Blue Earth gives break to 2 residents

BLUE EARTH – Blue Earth City Council has approved assessments for the Gorman and 12th Street construction project, and given two property owners credit for work done previously.

Mary Kay Grev and Ben Gjere attended a council session Sept. 23 to ask for reimbursement. Gjere had his driveway aprons re-done about a year ago while Grev had tile work done from the house to the street about five years ago. Mayor Rick Scholtes had said the city would check with the contractors that did the work and with the contractors that did the latest construction to see if Gjere and Grev could get credit.

On Monday, Gjere again pleaded his case again to the council.

City Administrator Kathy Bailey said city policy allows for reimbursement of sidewalks, which Gjere had been given credit for, but not for the driveway.

“It certainly doesn’t seem right that the person has to pay for it twice,” said Councilman Dan Brod.

A motion was made to have City Engineer Wes Brown calculate the area of Gjere’s construction and credit him with 30 percent of the total.

Councilman Glenn Gaylord asked if there is a time limit on how far property owners can go back in the past.

City Attorney David Frundt said the credit isn’t required by any law.

“You’re not required to do anything as it relates to this,” he said.

The council approved the motion to credit Gjere, with Gaylord dissenting.

Grev was not present, but Bailey gave an overview of her case.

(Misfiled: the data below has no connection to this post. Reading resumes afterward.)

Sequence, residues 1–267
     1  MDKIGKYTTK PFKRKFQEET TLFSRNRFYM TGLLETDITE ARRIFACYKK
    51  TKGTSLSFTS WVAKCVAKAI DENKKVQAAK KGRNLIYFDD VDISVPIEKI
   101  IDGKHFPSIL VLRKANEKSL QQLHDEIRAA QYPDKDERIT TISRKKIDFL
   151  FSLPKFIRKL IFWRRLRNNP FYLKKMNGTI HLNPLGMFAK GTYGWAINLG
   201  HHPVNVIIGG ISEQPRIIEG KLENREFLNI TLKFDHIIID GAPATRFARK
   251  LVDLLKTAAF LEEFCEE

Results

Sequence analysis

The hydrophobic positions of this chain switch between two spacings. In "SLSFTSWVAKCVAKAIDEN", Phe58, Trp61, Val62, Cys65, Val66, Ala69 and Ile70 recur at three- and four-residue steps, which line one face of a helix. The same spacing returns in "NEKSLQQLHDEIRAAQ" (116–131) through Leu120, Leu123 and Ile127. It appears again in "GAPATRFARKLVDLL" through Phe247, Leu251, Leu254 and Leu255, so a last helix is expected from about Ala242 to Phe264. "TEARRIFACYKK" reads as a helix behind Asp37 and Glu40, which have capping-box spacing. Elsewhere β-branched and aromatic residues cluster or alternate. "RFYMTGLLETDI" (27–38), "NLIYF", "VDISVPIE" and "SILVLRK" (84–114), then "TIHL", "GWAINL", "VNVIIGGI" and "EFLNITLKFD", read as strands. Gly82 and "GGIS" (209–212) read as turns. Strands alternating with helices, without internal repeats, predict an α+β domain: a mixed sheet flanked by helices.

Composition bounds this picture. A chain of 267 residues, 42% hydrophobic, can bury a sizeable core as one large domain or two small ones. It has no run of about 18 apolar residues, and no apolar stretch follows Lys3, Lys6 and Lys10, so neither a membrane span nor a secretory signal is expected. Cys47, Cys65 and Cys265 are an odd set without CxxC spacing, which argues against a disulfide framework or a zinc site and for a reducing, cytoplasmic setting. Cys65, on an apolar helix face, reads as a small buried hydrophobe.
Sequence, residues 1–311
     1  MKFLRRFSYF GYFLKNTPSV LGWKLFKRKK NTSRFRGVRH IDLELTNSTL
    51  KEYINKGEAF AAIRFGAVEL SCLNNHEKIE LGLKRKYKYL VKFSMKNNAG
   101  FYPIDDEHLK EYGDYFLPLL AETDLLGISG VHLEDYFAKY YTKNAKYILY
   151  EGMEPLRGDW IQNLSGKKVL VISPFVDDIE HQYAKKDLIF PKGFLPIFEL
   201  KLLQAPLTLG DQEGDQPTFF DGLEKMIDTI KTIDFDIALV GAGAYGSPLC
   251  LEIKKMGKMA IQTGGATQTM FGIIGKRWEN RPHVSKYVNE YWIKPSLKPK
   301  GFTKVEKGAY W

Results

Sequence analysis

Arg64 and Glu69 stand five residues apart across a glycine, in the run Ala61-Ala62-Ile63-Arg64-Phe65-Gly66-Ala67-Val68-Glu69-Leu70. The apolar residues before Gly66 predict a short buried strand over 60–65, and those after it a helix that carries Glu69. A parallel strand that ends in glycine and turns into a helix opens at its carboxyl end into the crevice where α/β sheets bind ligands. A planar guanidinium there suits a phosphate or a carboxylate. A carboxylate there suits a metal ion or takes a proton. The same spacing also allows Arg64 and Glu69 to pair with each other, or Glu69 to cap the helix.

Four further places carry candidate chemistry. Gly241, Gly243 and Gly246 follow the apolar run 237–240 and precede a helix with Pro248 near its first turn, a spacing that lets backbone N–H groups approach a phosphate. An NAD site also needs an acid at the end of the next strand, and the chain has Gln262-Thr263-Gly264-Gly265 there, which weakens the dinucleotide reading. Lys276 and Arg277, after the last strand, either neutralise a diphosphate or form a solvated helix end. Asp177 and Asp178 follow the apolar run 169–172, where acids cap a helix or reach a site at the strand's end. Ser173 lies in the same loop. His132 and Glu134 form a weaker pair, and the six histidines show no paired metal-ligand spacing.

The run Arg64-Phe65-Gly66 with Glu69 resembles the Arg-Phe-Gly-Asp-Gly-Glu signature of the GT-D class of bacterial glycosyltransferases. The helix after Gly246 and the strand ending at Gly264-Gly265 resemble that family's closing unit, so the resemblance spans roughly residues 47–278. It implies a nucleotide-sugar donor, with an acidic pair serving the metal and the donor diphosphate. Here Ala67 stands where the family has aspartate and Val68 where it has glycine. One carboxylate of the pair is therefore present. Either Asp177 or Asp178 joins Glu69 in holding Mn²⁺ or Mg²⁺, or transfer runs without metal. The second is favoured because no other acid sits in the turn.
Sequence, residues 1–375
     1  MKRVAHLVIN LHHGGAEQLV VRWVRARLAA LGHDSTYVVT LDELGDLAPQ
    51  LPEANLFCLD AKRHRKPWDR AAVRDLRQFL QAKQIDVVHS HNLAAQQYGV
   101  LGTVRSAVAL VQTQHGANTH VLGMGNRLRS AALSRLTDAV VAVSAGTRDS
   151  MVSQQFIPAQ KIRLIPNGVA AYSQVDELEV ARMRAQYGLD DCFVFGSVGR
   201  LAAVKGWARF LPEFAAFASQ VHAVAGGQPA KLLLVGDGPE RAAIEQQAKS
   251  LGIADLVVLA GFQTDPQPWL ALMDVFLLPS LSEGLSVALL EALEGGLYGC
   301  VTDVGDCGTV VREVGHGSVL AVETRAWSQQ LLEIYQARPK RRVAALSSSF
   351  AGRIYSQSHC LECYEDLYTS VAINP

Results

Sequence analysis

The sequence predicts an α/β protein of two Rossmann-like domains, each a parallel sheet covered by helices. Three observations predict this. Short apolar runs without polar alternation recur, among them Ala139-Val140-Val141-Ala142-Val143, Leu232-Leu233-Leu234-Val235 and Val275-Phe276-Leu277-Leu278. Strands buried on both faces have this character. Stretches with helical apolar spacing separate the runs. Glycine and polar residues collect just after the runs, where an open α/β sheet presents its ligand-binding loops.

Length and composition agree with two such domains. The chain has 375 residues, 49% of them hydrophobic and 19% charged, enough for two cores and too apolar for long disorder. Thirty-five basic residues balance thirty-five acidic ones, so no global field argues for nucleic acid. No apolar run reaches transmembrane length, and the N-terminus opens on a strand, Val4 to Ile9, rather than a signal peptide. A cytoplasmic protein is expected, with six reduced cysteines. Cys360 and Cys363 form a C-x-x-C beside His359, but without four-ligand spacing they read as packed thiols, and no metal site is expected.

In the end, the council approved crediting Grev with the full $1,525 of the assessment, since the city reimburses 100 percent on sanitary sewer, instead of the 30 percent for the street construction.

Turning to another matter, the council read changes in a kennel lease with the Faribault County Humane Society. The main point of the revisions is to establish that the Humane Society will leave two holding pens open at all times for the city to house its animals, Scholtes said.

The council did not approve the lease; Scholtes wants to present it to the Sheriff’s Office.

“It’s been a long road and we’re getting somewhere on this,” Scholtes said of the months-long discussions between the city and Humane Society.

“Our goal is to keep this united in the county,” said Stacy Thompson of the Humane Society.

In other business, the council approved a union contract for city employees.

Bailey went over the most recent revisions, including the definition that part-time employees are those who work 29 hours or less, to match Affordable Care Act criteria of a part-time employee.

Another detail states employees who lose a family member can have three consecutive days of bereavement, but they can choose when to take those three days. Under the old wording, the three days began immediately after the death, but sometimes family members have to travel for the funeral, which can be scheduled more than three days after the death.

The new contract is for three years. Bailey said employees will get a 2 percent raise the first year and a 3 percent raise each of the final two years.